beachrat's new primal journal
12-10-2011, 08:37 AM
PART TWO: Last year, I was miserable in my body. I wore my elastic band athletic pants all the time because my jeans were too tight and I could not face the fact that my weight had climbed up yet again. I wore them around the house. I wore them on my errands. I felt foolish at Whole Foods, but in those athletic pants, I could avoid the feeling of failure, the hopelessness, the realization that I had to buy bigger jeans. People might throw me the bone hey, that panda in line is pretty fat, but athletic pants mean that fat panda is trying to do something about it. When social events occurred, I turned them down because I could not attend in my elastic band athletic pants. I hid in my house.
Gay Panda was never any good at accepting a larger body. But you can’t live this way indefinitely; either you accept that it is you and make peace with it, or you go crazy feeling divorced from your own flesh. On New Year’s 2011, I couldn’t even stand on the scale. What was the point in a resolution? What exactly was I going to choose to do (or not do)? I drink one 12-ounce soda every two months. I rarely drink alcohol. I go to the candy store 2-3 times a year, where I buy one marshmallow chocolate bar, one little bag of Reese’s Pieces, and one little bag of cinnamon bears. I don’t go to fast food joints at all. A 5’9” panda can’t live on 1200 calories and run relentless 5Ks. So what was there to resolve?
I was out of options for a resolution that would affect my weight, yet accepting it felt like defeat. I didn’t want to spend another year engaged in fruitless warfare, bringing Nerf arrows to a battle in which the opposing side has Uzis. But at the same time, I can’t stand being so heavy. I spent January 1st feeling decimated between two equally unappealing choices. I went to fat acceptance websites and looked at pictures of cheerful fat people who accept themselves, and I wanted to scream. I tolerate this body because I’m stuck in it, and I want to wear a T-shirt that informs people I do not really look like this. So on the road to acceptance, I never made it very far.
It’s funny that I have no more resolutions for my weight in 2012 than I did in 2011, but for completely different reasons. Last year, it was out of despair. This year, it is out of knowledge. Hunger cannot be overpowered by will; this is a physiological fact of the flesh that I mixed up with emotional control. I will never win the battle on hunger, no more than I would win a battle with cyanide. The difference is that no one would expect me to win the latter, but most people think that we’ve had a moral failing if we can’t win the former. But we won’t win, and yet flagellate ourselves for thinking our Nerf arrow is as powerful as an Uzi.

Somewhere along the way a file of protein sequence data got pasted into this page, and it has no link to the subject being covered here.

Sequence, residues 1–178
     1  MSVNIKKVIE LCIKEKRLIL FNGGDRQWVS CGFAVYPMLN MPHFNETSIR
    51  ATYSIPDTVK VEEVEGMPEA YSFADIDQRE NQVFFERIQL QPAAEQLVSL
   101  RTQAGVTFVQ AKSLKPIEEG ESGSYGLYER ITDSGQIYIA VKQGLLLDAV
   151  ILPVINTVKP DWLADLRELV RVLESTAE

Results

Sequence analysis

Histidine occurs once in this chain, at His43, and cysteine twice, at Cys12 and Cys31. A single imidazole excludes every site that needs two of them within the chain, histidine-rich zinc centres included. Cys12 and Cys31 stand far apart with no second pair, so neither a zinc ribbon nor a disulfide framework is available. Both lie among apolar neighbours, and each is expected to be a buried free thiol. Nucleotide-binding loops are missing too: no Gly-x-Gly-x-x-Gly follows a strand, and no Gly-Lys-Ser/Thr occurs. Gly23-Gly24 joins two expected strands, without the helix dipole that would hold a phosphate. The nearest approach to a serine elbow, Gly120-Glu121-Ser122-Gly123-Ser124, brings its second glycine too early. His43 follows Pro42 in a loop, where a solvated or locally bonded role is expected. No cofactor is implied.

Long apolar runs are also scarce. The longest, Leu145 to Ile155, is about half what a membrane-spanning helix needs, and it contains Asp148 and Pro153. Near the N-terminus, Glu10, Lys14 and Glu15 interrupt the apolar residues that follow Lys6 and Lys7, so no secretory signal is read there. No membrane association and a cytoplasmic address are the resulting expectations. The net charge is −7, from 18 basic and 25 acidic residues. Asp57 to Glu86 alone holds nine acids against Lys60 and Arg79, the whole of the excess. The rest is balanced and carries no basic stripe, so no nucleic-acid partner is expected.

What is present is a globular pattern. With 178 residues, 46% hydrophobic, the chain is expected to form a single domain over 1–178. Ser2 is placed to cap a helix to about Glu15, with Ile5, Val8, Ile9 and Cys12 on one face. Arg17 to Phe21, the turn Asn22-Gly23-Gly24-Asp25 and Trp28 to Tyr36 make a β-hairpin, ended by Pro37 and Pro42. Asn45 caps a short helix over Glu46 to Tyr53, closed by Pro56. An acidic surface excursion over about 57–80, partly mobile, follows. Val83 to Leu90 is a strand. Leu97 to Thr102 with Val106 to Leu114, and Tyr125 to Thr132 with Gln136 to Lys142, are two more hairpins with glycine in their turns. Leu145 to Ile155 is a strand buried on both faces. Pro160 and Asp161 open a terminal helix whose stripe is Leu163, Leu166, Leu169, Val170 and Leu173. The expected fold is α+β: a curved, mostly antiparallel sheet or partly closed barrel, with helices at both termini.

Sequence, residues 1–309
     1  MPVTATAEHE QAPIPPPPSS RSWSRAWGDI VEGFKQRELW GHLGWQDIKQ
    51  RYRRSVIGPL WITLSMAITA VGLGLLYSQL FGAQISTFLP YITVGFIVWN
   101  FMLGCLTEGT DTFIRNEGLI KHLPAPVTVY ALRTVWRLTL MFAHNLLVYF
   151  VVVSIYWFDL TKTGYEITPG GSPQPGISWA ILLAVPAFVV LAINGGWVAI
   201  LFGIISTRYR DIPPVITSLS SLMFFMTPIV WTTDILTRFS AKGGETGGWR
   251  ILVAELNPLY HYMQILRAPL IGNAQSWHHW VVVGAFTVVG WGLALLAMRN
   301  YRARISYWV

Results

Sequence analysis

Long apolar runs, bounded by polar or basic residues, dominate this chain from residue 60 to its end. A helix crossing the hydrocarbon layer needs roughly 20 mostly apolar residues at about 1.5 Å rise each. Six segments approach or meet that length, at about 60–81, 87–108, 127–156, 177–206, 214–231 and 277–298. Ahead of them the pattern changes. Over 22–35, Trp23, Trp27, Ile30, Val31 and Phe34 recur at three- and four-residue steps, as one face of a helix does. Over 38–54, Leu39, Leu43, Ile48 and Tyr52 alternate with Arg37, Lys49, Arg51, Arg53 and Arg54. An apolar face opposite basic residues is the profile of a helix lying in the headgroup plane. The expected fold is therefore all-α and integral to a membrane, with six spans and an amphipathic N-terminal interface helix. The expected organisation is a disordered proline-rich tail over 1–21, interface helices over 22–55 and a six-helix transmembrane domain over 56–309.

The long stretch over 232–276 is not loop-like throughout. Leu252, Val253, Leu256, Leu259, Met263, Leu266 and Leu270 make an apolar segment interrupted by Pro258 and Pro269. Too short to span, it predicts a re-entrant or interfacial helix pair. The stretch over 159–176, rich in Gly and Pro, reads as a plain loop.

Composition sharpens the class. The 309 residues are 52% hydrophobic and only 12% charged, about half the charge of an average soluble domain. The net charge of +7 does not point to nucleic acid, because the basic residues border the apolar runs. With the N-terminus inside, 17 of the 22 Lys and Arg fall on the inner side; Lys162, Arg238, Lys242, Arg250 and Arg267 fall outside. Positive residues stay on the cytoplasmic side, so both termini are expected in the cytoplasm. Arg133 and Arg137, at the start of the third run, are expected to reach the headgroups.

Fighting the need for food is like fighting the need for oxygen, and putting it in those terms allows me to see the silliness of it. Both are the battles of a lunatic, and while Gay Panda is admittedly a very strange flower in the world’s rose garden, Gay Panda would never be found insane in a court of law. My resolution cannot be to ignore my hunger pangs, in the hopes that doing so for long enough will render me an average-sized panda. I’ve tried. It won’t. My body does not allow this to happen.
PART THREE SUNDAY: As Gay Panda has errands, and will NOT be performing them in elastic band athletic pants for two reasons.
1. I bought jeans that fit. Smaller jeans.
2. My elastic band athletic pants are far too big on me now.
Last edited by Gay Panda; 12-10-2011 at 08:45 AM.
12-10-2011, 08:58 PM
Originally Posted by dickzark
12-11-2011, 11:04 AM
PART THREE: Finding the strength to starve myself was essentially one of my resolutions every year. But this is ridiculous. How can I feel badly when I fail? Do I feel badly when I run out of breath underwater? That isn’t a failing of willpower, or a sign of slothful character. I am not a glutton for air. It is not an emotional issue or a moral one, and I can’t imagine what a therapist would make of a weeping panda on the sofa, devastated that I could not hold out for more than thirty seconds in the pool. What does this say about me? I disgust myself! My self-esteem drowning itself in the can because I can’t hold my breath any longer is as mad as bashing myself for being hungry.